Sir Tristram de Rochefort, Seneschal of Auvergne and Lord of Villefranche, was a fierce and renowned soldier who had grown gray in the English wars.
The Lady Rochefort, a bright and laughter-loving dame, sat upon the left of her warlike spouse, with Lady Tiphaine upon the right.
"Perchance, my fair lord, the poor folk are sweeter and of a better countenance in England," laughed the Lady Rochefort. "Mon Dieu!
"A higher King than yours has given them to me, and I tell you here in your own castle hall, Sir Tristram de Rochefort, that you have sinned deeply in your dealings with these poor folk, and that the hour will come, and may even now be at hand, when God's hand will be heavy upon you for what you have done." He rose as he spoke, and walked slowly from the room.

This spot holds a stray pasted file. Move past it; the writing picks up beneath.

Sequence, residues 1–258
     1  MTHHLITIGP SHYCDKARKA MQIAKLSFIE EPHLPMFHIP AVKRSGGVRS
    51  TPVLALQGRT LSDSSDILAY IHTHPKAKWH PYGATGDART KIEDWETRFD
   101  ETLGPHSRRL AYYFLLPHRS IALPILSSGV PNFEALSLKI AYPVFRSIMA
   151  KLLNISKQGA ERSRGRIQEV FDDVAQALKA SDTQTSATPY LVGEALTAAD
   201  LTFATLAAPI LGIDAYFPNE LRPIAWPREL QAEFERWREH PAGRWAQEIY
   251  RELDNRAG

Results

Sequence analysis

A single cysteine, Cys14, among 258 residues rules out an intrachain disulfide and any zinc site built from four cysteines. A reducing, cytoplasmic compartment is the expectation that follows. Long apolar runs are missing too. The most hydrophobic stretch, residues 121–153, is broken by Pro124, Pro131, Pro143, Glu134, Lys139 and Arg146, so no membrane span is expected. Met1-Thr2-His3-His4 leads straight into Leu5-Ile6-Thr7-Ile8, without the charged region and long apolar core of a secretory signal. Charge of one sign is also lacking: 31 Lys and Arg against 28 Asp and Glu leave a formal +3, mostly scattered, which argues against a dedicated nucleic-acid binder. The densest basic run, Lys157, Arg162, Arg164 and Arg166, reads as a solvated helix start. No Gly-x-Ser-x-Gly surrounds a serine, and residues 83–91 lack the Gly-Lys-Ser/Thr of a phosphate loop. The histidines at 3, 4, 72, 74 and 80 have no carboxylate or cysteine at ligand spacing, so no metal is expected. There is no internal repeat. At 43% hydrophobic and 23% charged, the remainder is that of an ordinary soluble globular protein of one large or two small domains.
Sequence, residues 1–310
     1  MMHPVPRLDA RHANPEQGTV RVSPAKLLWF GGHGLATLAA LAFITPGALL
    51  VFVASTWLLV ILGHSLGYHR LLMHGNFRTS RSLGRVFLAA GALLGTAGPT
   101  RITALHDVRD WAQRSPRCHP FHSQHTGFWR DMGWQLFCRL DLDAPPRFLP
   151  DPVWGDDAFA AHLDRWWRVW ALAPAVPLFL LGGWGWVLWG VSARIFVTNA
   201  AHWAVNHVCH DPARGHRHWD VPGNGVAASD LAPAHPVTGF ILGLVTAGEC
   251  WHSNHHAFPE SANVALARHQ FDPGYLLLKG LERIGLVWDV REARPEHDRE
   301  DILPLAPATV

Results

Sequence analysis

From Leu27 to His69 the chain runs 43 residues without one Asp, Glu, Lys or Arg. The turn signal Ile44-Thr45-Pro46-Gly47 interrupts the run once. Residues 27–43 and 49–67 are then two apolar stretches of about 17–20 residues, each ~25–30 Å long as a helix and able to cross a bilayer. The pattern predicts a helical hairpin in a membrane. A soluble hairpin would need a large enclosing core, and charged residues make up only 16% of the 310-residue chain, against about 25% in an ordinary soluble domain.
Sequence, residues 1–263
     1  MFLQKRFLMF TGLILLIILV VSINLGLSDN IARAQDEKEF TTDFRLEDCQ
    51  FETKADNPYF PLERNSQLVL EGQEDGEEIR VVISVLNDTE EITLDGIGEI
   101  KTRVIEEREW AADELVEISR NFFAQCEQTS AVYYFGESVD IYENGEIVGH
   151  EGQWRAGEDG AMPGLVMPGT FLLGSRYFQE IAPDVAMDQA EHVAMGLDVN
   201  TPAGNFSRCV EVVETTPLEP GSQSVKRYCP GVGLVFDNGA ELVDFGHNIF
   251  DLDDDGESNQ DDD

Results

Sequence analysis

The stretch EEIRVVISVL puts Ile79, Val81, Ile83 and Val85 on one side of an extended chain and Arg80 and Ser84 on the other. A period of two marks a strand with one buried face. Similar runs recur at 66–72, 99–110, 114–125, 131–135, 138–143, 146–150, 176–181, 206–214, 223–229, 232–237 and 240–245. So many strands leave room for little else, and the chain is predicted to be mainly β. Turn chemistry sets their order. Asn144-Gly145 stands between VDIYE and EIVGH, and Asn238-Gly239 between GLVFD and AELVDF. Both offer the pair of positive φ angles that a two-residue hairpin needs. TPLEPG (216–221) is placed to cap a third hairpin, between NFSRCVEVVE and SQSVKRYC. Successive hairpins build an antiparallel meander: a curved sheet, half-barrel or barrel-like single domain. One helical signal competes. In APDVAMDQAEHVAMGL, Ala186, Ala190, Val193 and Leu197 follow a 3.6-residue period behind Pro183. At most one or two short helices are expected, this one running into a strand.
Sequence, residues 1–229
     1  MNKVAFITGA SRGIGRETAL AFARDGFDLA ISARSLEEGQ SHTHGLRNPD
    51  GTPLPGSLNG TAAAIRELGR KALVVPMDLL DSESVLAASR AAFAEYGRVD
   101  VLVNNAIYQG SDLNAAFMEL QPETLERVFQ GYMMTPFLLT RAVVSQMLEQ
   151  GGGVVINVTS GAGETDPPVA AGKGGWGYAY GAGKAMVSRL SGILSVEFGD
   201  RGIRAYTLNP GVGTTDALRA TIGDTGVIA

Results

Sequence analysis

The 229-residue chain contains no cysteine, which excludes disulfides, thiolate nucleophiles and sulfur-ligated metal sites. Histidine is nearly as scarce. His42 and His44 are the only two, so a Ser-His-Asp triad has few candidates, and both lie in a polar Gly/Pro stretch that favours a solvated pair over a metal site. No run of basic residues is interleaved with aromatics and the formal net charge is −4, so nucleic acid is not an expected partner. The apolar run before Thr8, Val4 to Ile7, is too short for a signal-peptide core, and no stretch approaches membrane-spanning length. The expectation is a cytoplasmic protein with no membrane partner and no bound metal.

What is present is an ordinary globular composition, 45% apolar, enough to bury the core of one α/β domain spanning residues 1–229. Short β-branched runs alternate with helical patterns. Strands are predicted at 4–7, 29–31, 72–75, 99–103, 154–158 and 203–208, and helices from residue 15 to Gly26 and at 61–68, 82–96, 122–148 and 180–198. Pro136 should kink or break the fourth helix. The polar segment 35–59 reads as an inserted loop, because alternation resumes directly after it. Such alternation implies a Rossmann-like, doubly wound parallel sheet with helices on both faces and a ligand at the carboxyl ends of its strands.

"Ah, Sir Bertrand knows, the naughty one!" cried the Lady Rochefort. "Have we not all heard how he went to Avignon and squeezed fifty thousand crowns out of the Pope."
"Hark to that, my fair lord," cried the Lady Rochefort. "Take heed, I pray thee, for I do not wish to have a blight cast over me, nor a palsy of the limbs.
This argument of the seneschal's appealed so powerfully to the Bohemian and to the Hospitaller that they at once intimated that their objections had been entirely overcome, while even the Lady Rochefort, who had sat shivering and crossing herself, ceased to cast glances at the door, and allowed her fears to turn to curiosity.
"I would, Lady Tiphaine," cried the Lady Rochefort, "that you would use your power to tell me what hath befallen my golden bracelet which I wore when hawking upon the second Sunday of Advent, and have never set eyes upon since."
"He relates that he met at Brussels Rochefort, the AME DAMNEE of the cardinal disguised as a Capuchin, and that this cursed Rochefort, thanks to his disguise, had tricked Monsieur de Laigues, like a ninny as he is."
"This Rochefort," cried Porthos, "if I were the esquire of poor Chalais, should pass a minute or two very uncomfortably with me."